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Argument preview: Where can a federal agent be sued?

William Baude will be the Neubauer Family Assistant Professor of Law at the University of Chicago beginning next year.

During its October sitting, the Court heard oral arguments in cases involving venue and personal jurisdiction.  Next week, on November 4, in the Court will return again to both topics during oral arguments in Walden v. Fiore

The facts sound like the beginning of one of the Court’s many constitutional tort cases.  Gina Fiore and Keith Gipson are professional gamblers who were — like millions of other travelers every year — changing planes at Atlanta’s Hartsfield-Jackson airport.  Fiore and Gipson were carrying $97,000 in cash, much of which they’d won gambling in San Juan, Puerto Rico, and were returning to their home in Nevada.

The cash aroused the suspicions of law enforcement at the Atlanta airport, and the two travelers were questioned by Anthony Walden, a local police officer and deputized Drug Enforcement Administration agent, who eventually seized all of their money for possible forfeiture.  Fiore and Gipson flew on to Nevada, where their lawyer tried to help them get their money back.  The plaintiffs allege that Walden filed a false affidavit at this point to keep them from recovering the cash, but eventually the government relented and returned the money.

Fiore and Gipson sued Walden. The lawfulness of Walden’s conduct (and the factual truth of the plaintiffs’ allegations) is not before the Court.  Instead, the issue presented by this case is whether Walden can be sued in a federal court in Nevada.  That controversy raises questions of both personal jurisdiction and venue.

The personal jurisdiction question is whether Walden had enough contact with Nevada to justify that state’s exercise of jurisdiction over him.  (Walden is being sued in federal, rather than state, court, but the federal rules in this case rely on the state’s jurisdiction.)  The Supreme Court has long said that due process prevents a state from exercising jurisdiction over those who have no connection to it.  Instead, the defendant must have “certain minimum contacts with [the state] such that the maintenance of the suit does not offend ‘traditional notions of fair play and substantial justice.'”

On one hand, Walden’s connections to Nevada are not obvious.  The case’s main connection to Nevada is the fact that *Gipson and Fiore* live and were traveling there.   But everything *Walden* did during the incident took place in Georgia.  That is where he met Fiore and Gipson, where he seized their money, and where he (allegedly) worked to keep them from getting it back.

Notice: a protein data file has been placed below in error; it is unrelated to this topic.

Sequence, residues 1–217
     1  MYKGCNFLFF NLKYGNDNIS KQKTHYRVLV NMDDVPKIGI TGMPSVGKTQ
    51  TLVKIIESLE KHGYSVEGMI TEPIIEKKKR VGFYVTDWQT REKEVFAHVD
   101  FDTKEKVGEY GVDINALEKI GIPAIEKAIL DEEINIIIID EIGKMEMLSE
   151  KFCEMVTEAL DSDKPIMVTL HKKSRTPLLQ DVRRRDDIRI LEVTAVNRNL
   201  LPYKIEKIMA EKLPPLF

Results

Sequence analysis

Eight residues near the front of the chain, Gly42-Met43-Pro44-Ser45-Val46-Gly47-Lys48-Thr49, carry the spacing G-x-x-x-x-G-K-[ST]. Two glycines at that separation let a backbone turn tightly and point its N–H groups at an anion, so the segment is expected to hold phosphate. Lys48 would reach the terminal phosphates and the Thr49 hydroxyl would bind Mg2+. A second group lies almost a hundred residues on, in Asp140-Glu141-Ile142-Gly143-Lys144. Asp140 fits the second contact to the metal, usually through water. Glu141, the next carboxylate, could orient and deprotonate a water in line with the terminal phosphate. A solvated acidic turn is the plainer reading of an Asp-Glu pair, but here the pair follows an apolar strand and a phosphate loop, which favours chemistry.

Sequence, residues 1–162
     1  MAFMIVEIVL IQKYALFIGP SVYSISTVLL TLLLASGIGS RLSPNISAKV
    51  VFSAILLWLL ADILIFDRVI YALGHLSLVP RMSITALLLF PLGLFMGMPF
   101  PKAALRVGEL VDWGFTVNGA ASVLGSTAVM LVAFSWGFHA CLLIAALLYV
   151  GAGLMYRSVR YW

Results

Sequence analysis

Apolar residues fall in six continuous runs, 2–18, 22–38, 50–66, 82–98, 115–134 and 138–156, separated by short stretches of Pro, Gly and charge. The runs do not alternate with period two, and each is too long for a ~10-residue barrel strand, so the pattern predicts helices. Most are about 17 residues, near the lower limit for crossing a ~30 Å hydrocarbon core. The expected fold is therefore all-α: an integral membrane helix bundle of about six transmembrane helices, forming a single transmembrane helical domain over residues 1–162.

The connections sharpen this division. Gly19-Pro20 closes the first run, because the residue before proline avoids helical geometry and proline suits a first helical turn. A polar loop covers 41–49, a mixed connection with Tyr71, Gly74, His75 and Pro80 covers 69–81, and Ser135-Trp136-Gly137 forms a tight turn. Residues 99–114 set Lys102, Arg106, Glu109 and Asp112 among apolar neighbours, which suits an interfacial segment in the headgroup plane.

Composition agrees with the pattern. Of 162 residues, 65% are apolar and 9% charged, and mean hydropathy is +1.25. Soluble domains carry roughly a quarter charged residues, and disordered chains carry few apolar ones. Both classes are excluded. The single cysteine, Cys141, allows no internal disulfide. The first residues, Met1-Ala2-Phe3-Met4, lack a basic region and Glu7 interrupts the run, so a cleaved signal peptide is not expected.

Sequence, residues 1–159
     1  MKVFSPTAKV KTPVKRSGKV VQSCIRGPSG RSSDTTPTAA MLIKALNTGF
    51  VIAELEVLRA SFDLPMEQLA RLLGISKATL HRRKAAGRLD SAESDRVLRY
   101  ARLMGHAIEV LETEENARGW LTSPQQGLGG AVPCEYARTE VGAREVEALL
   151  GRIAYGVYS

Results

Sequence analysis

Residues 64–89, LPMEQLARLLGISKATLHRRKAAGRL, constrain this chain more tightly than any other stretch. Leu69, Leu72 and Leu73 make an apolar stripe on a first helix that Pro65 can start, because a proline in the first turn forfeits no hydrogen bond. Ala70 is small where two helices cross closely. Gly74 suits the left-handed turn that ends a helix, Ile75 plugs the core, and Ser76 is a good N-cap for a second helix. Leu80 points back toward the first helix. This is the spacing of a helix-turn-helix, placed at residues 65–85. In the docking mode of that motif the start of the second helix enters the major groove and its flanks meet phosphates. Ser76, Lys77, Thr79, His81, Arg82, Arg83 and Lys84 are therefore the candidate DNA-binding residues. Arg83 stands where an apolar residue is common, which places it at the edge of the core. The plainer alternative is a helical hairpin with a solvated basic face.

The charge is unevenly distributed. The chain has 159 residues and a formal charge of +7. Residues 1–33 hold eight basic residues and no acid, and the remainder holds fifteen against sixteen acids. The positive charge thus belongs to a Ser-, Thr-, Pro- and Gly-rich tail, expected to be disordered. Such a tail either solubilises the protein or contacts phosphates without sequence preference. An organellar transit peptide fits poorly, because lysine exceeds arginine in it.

On the other hand, the Supreme Court’s decision in Calder v. Jones provides some support for a state’s jurisdiction over outsiders who harm that state’s residents.  In Calder, the Supreme Court allowed California to exercise jurisdiction over Floridians who wrote and edited (in Florida) a story in the National Enquirer that allegedly defamed a resident of California.

Walden argues that this case goes far beyond Calder, because Calder requires the defendant to intentionally target the forum with his conduct. The story at issue in Calder concerned events in California, and that is where the injury was felt.

Fiore and Gipson respond that their situation is similar: Committing an intentional tort against a resident of Nevada, they say, *does* target Nevada.  And they say that their injury was also felt in Nevada, because that is where they tried to take, and tried to retrieve, their money.

The venue question is this: even assuming that Nevada may constitutionally have jurisdiction over him, did Congress intend for this suit to take place in a Nevada federal court? (Unlike the personal jurisdiction question, this issue is limited to federal courts.)

Here, Walden has an even stronger argument.  The venue statute allows a federal case to be brought in “a judicial district in which a substantial part of the events or omissions giving rise to the claim occurred.”  But as I mentioned above, all of Walden’s conduct “occurred” “in” Georgia, not Nevada.  The plaintiffs argue that the venue statute is not strictly limited to the location of the defendant’s conduct, which is true.  Plaintiffs argue that Nevada is where their injury took place, and it is also where they worked to prevent their money from being forfeited.  But it is still a stretch to describe anything that happened in Nevada as “giving rise” to the plaintiffs’ claim.

One additional issue as the case proceeds will be how the two questions interact.  The personal jurisdiction question likely has broader implications for litigation throughout the country, and especially for members of law enforcement (whose concerns are aired by several amici on Walden’s side, including the United States).  But the venue question may prove to be an easier source of agreement among the Justices.

[Disclosure:  Goldstein & Russell, P.C., whose attorneys contribute to this blog in various capacities, is among the counsel to the respondents in this case.  However, the author of this post is not affiliated with the firm.]

Recommended Citation: William Baude, Argument preview: Where can a federal agent be sued?, SCOTUSblog (Oct. 30, 2013, 3:49 PM),